Rendering of a Crew Dragon in space
A rendering of a Crew Dragon approaching a docking port on the International Space Station.

The Hawthorne-based SpaceX Crew Dragon Endeavour has docked at the International Space Station Saturday morning — becoming the first such mission involving a previously used spacecraft and rocket.

“Docking confirmed – second time at the @space_station for this Dragon,” officials at SpaceX tweeted shortly after 2:30 a.m. Saturday.

NASA also tweeted about the spacecraft’s arrival.

“#CrewDragon vehicles are docked to the station for the first time. It’s also the second visit for Crew-2 Endeavour,” agency officials said on Twitter.

In a formal statement, NASA further outlined what will happen next.

“(The astronauts) arrived at the International Space Station Saturday, as the SpaceX Crew Dragon Endeavour docked to the complex at 5:08 a.m. EDT while the spacecraft were flying 264 miles above the Indian Ocean.

“Following Crew Dragon’s link up to the Harmony module, the astronauts aboard the Endeavour and the space station will begin conducting standard leak checks and pressurization between the spacecraft in preparation for hatch opening scheduled for 7:15 a.m.”

Endeavor’s four astronauts were successfully launched into orbit early Friday after poor weather conditions led to a one-day delay.

“3.. 2.. 1.. and liftoff! Endeavour launches once again,” NASA tweeted just after 2:49 a.m. Friday, as the rescheduled launch came off on time and without any problems.

“Four astronauts from three countries on Crew-2, now making their way to the one and only @Space_Station.”

The launch marked the second time the Endeavour has carried astronauts on a journey toward the International Space Station. The craft was used last summer in the historic flight of two astronauts that marked the first manned mission to launch from U.S. soil since the space shuttle program was retired.

SpaceX last November sent another four astronauts to the space station in a separate Dragon spacecraft, dubbed Resilience. That crew is still aboard the international orbiting outpost, scheduled to return to Earth next week. The first stage of the Falcon 9 rocket that propelled that crew on its mission was used again in Friday’s launch.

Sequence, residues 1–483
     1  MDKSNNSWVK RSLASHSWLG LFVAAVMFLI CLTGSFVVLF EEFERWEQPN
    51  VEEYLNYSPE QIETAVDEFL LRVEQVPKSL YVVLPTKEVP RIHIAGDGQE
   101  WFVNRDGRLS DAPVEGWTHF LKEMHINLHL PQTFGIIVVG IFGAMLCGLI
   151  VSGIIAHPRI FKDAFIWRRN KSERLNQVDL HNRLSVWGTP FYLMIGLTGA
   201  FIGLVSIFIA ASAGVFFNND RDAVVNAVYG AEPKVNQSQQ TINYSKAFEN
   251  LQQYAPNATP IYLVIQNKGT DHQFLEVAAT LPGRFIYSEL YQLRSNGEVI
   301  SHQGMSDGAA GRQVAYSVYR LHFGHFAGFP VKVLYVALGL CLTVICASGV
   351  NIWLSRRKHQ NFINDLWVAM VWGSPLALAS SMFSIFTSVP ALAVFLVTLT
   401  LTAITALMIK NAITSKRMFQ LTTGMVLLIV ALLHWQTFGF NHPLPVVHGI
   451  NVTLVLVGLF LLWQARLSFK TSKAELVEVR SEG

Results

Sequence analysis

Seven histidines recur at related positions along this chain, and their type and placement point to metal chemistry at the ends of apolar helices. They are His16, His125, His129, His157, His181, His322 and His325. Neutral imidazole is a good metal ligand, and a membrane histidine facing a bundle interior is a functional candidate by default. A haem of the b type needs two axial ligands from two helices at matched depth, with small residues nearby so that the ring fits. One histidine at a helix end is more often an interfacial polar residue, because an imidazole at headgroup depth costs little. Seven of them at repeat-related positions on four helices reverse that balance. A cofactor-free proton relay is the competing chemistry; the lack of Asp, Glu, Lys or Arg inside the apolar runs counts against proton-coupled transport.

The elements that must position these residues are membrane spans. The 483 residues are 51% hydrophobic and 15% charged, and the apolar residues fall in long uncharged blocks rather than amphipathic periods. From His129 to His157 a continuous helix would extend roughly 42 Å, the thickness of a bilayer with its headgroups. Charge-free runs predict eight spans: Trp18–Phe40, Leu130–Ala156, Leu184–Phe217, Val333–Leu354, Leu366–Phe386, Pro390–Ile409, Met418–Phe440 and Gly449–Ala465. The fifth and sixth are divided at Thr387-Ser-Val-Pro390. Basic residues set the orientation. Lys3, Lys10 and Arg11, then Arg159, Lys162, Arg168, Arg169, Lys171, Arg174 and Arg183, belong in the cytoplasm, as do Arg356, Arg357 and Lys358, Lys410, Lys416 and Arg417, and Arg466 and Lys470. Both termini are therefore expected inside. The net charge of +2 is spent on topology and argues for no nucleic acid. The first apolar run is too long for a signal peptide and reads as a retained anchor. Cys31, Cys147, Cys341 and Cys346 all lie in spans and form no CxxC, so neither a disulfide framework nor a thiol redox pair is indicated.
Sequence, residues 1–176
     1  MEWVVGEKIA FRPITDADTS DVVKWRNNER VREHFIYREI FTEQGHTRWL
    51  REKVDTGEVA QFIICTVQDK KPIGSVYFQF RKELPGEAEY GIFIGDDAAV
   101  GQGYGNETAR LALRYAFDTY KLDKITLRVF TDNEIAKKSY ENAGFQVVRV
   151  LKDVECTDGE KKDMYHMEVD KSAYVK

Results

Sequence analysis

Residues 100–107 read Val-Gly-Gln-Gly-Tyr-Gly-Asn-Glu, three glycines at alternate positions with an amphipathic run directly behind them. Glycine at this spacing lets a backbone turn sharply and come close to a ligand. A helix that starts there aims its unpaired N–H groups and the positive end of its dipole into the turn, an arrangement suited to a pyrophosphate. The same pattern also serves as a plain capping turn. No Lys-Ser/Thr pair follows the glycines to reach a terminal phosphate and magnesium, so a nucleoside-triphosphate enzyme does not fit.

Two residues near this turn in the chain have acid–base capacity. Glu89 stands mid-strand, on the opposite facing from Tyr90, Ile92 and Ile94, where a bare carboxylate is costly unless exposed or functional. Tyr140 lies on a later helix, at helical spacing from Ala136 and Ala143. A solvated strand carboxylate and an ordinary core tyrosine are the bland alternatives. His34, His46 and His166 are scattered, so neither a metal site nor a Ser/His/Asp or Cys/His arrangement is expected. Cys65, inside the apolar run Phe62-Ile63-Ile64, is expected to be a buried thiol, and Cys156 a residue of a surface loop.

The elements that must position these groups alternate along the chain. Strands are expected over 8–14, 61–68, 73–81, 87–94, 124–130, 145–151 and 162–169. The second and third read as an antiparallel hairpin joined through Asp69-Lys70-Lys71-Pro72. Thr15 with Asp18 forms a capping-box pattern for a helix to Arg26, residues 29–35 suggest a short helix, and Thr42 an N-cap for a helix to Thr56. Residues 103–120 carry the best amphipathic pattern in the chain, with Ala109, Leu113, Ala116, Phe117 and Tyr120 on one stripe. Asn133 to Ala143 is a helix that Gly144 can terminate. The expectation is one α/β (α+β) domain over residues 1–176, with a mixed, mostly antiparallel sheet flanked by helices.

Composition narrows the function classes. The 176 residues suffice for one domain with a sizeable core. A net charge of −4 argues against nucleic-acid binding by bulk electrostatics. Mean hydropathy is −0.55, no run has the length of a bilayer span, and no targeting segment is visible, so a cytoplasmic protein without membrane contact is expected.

In what has become standard for SpaceX launches, the company again recovered the first stage of the Falcon 9 rocket on Friday, landing it on a “droneship” known as Of Course I Still Love You, which was floating in the Atlantic Ocean. The recovery will allow the rocket to be used again in future missions, furthering SpaceX’s program of dramatically slashing the cost of launches by reusing equipment.

Last summer’s historic SpaceX launch of two astronauts was technically considered a demonstration mission to test the capabilities of the Dragon spacecraft. So November’s launch of four astronauts was dubbed the Crew-1 mission, or Dragon’s first fully operational flight. Friday’s launch, therefore, was dubbed Crew-2.

Flying on the mission launched Friday are NASA astronauts Shane Kimbrough and Megan McArthur, Japanese Aerospace Exploration Agency (JAXA) astronaut Akihiko Hoshide and European Space Agency astronaut Thomas Pesquet.

McArthur, who grew up in Northern California, is a UCLA graduate in aerospace engineering, and she earned a doctorate in oceanography at UC San Diego, where she was a researcher at the Scripps Institution of Oceanography.

The crew is scheduled to arrive at the space station at 2:09 a.m. California time Saturday after about a 24-hour flight. The crew is scheduled to remain on the station for about six months.

When the crew arrives, both SpaceX Dragon spacecraft — Endeavour and Resilience — will be concurrently docked at the station for the first time.

The Crew-1 astronauts — NASA’s Michael Hopkins, Victor Glover and Shannon Walker and JAXA’s Soichi Noguchi — are scheduled to depart the station April 28 aboard Resilience, splashing down on Earth about 5 1/2 hours later.

Those interested can follow the mission at www.nasa.gov/crew-2 or on social media at @space_station or @ISS_Research on Twitter as well as the ISS Facebook and ISS Instagram accounts.

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